The CBL1 is a double diode output pentode from Mullard that is fitted with the side contact base, for UK use the CBL31 on the IO base was more common, both are electrically identical. The Ct8 base was mainly used in Europe and it is possible that this valve was part made by Philips in Holland.
The aim of this high mutual conductance valve was to reduce the number of devices in wireless receivers. The CBL1 has a 200 mA heater requirement for heater chain use in receivers without mains transformers. The diodes would demodulate the signal and generate AGC and the resultant audio would drive the output stage directly. This implies strong signals to derive the drive voltage. It is safe to say that this valve was aimed directly at the low cost local station receiver market. The CBL31 was electrically identical but on an IO base. The design probably dates from the mid to late 1930s. The CL4 is virtually the output pentode section of the CBL1 in stand alone form. The EBL1 takes the same high gain idea and translates it for the higher voltages available in receivers with mains transformers.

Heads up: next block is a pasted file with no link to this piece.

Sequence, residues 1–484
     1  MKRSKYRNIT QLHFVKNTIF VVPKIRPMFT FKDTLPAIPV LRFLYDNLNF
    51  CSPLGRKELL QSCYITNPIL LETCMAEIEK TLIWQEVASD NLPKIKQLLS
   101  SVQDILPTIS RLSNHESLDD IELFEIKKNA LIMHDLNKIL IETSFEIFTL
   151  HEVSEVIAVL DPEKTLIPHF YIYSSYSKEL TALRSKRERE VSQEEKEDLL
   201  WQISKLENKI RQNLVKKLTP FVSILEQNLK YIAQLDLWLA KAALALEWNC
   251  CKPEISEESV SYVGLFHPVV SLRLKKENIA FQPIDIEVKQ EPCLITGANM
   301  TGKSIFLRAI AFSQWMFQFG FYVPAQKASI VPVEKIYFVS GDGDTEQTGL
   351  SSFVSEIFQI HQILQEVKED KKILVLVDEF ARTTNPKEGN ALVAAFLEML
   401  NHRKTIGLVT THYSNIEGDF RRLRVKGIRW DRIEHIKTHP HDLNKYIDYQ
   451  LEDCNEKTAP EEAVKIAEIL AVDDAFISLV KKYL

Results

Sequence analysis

The cathode resistor is specified as 167 Ohms, the output load as 4,500 Ohms and under these conditions an output of 4 Watts at 10% total distortion is possible.
The output pentode is at the top and below the centre mica can be seen the screen that sits around the diode anodes.
The anode and screen side view.
A clearer view.
The top mica and components. the heat radiating fins are on the top of the control grid. The connection of the top cap to the control grid is also clear.
The oval shape of the anode with the suppressor grid within seen above the diode screen that is connected to the suppressor grid supports..
The classic envelope is 44 mm in diameter and, excluding the Ct8 base pins, is 123 mm tall.
References: Datasheet, 1043 & 1040. Type CBL1 was first introduced in 1938.